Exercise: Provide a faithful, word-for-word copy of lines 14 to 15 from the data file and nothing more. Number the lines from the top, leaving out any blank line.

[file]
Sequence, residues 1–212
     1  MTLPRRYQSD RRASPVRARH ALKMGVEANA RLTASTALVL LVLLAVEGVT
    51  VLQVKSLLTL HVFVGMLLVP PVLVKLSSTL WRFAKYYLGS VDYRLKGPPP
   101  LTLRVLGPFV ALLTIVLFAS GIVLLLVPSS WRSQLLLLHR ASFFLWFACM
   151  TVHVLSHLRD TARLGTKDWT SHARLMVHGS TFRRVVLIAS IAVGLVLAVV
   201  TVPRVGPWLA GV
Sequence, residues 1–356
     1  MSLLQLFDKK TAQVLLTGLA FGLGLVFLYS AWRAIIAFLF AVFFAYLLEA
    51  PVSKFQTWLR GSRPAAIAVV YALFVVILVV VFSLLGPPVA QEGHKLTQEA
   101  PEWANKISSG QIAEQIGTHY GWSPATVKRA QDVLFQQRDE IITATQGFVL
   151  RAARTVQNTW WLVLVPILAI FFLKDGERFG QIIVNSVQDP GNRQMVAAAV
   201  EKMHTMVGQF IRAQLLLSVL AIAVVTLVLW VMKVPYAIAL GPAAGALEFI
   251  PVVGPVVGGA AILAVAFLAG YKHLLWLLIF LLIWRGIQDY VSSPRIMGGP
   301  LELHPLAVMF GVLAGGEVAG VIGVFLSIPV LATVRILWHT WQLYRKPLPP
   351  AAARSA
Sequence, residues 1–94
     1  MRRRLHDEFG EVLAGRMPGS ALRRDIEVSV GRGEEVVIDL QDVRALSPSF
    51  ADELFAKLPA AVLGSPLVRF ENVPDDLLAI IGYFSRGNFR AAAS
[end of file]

   301  LELHPLAVMF GVLAGGEVAG VIGVFLSIPV LATVRILWHT WQLYRKPLPP
   351  AAARSA